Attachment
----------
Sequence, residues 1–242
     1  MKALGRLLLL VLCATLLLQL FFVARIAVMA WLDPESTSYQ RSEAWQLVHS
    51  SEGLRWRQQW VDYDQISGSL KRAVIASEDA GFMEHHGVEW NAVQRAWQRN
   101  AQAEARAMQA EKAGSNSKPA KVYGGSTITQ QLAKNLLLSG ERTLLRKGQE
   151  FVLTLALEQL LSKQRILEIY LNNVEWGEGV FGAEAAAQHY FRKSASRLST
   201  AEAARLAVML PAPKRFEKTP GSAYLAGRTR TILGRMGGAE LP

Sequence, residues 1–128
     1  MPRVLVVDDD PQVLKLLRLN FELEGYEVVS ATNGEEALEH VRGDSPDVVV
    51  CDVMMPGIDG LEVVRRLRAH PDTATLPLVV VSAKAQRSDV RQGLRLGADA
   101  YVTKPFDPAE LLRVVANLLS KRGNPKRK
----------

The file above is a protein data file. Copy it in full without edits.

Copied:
Sequence, residues 1–242
     1  MKALGRLLLL VLCATLLLQL FFVARIAVMA WLDPESTSYQ RSEAWQLVHS
    51  SEGLRWRQQW VDYDQISGSL KRAVIASEDA GFMEHHGVEW NAVQRAWQRN
   101  AQAEARAMQA EKAGSNSKPA KVYGGSTITQ QLAKNLLLSG ERTLLRKGQE
   151  FVLTLALEQL LSKQRILEIY LNNVEWGEGV FGAEAAAQHY FRKSASRLST
   201  AEAARLAVML PAPKRFEKTP GSAYLAGRTR TILGRMGGAE LP

Sequence, residues 1–128
     1  MPRVLVVDDD PQVLKLLRLN FELEGYEVVS ATNGEEALEH VRGDSPDVVV
    51  CDVMMPGIDG LEVVRRLRAH PDTATLPLVV VSAKAQRSDV RQGLRLGADA
   101  YVTKPFDPAE LLRVVANLLS KRGNPKRK